Introduction to the Applied Accessibility Challenges
"Accessibility" generally means having web content and a user interface that can be understood, navigated, and interacted with by a broad audience. This includes people with visual, auditory, mobility, or cognitive disabilities.
Websites should be open and accessible to everyone, regardless of a user's abilities or resources. Some users rely on assistive technology such as a screen reader or voice recognition software. Other users may be able to navigate through a site only using a keyboard. Keeping the needs of various users in mind when developing your project can go a long way towards creating an open web.
Here are three general concepts this section will explore throughout the following challenges:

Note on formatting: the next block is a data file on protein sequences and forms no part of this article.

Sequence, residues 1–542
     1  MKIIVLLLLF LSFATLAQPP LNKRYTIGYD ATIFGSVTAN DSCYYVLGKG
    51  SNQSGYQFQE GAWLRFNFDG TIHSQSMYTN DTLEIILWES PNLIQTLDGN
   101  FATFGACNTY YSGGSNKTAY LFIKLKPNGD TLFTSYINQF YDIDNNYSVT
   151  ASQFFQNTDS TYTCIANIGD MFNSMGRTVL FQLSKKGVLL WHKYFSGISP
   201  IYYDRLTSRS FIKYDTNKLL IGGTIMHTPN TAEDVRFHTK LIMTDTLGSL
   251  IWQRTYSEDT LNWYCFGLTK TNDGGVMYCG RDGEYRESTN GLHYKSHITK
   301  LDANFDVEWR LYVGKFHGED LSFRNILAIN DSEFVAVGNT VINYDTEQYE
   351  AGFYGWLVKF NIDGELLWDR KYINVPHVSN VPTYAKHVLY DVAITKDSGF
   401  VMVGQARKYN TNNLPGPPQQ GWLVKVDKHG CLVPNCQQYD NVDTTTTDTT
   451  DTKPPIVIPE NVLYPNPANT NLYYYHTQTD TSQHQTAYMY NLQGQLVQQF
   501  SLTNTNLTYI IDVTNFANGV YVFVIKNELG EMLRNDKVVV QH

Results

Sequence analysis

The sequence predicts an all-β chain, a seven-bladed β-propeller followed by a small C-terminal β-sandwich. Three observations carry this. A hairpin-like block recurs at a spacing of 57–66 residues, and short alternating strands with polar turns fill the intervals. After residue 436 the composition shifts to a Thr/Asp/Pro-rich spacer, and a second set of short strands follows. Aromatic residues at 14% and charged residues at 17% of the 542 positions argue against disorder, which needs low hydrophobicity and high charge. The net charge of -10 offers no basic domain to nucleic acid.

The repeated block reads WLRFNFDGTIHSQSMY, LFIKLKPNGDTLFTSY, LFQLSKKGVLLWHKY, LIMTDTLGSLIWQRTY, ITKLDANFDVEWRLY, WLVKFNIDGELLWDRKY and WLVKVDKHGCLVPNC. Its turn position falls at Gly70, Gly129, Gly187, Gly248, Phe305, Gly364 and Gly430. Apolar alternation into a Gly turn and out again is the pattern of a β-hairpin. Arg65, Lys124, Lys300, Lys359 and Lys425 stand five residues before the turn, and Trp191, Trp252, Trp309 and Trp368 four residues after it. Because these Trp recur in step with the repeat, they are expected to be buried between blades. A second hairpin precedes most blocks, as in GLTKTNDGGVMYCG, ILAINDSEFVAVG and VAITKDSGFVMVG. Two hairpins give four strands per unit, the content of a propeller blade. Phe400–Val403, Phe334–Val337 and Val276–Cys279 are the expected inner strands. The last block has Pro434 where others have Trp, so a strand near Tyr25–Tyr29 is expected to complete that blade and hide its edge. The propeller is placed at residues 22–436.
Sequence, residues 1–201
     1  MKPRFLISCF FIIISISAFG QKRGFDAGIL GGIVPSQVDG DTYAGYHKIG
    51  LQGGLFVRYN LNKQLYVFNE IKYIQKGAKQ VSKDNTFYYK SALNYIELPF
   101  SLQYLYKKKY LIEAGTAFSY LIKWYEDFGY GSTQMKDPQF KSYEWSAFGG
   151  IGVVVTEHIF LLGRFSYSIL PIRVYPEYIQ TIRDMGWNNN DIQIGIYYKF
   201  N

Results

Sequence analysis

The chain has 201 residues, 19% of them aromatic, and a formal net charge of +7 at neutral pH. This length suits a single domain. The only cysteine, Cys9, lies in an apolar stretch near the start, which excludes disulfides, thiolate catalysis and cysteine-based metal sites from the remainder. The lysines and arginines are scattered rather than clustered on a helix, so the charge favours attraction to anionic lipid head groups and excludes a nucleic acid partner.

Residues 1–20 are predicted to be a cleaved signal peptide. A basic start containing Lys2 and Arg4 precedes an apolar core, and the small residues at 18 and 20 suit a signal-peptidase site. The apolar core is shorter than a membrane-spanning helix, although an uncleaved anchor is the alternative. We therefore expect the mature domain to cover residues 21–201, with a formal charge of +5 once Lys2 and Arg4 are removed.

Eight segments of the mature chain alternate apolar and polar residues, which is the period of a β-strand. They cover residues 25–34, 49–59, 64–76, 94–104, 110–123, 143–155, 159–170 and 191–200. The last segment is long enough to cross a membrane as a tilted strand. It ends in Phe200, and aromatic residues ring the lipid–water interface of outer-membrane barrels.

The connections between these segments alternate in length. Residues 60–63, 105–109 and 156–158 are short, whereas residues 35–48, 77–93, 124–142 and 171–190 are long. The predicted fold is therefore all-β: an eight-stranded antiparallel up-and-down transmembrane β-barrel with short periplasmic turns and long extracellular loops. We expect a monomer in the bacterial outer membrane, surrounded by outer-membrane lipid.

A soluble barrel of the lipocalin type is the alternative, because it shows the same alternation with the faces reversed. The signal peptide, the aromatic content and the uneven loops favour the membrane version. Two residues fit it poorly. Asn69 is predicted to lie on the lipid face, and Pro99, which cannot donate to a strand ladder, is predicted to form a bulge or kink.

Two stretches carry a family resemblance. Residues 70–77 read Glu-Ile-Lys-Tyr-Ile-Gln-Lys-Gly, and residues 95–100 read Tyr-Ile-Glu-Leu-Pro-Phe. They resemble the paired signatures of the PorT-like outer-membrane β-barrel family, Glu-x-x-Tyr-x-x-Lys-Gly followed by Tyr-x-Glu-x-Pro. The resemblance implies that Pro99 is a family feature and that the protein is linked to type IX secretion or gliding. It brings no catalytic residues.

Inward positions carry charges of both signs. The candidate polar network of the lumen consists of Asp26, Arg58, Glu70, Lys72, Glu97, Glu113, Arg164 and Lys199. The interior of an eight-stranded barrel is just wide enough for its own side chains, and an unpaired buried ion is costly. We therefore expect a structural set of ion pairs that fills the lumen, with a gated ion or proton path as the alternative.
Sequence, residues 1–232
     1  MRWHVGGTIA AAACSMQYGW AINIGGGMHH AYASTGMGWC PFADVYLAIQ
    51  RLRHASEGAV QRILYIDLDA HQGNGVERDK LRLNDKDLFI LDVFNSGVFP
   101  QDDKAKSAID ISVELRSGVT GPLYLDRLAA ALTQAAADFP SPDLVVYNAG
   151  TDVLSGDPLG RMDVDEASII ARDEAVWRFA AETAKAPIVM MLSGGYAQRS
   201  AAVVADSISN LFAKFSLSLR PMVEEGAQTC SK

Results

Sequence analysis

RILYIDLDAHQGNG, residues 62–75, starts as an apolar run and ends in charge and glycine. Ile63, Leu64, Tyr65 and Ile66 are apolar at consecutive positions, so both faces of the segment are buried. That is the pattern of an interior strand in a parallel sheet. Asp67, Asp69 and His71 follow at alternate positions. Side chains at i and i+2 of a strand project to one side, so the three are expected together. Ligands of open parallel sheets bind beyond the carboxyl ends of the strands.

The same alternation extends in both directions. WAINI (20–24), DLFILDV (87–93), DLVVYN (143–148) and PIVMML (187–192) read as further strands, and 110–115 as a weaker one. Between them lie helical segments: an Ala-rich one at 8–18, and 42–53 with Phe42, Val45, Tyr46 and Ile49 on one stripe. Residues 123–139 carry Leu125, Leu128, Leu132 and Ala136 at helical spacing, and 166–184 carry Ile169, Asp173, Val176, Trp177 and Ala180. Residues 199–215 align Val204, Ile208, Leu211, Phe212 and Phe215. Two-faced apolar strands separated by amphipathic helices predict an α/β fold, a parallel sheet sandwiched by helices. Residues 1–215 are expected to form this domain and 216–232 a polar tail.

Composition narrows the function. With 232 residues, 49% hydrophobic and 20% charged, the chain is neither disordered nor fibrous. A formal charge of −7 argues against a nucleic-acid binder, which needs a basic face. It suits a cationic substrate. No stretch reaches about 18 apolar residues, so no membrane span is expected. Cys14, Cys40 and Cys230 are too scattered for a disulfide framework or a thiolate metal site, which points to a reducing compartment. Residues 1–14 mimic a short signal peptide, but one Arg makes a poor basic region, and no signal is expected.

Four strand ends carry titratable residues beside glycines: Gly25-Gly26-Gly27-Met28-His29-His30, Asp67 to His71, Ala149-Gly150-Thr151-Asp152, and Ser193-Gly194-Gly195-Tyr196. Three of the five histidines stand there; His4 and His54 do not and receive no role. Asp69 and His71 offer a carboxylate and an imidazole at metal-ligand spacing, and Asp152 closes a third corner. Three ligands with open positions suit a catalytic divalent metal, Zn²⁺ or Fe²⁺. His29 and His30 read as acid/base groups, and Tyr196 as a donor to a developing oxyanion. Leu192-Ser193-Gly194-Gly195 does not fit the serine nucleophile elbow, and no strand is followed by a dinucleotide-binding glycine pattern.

- have well-organized code that uses appropriate markup
- ensure text alternatives exist for non-text and visual content
- create an easily-navigated page that's keyboard-friendly
Having accessible web content is an ongoing challenge. A great resource for your projects going forward is the W3 Consortium's Web Content Accessibility Guidelines (WCAG). They set the international standard for accessibility and provide a number of criteria you can use to check your work.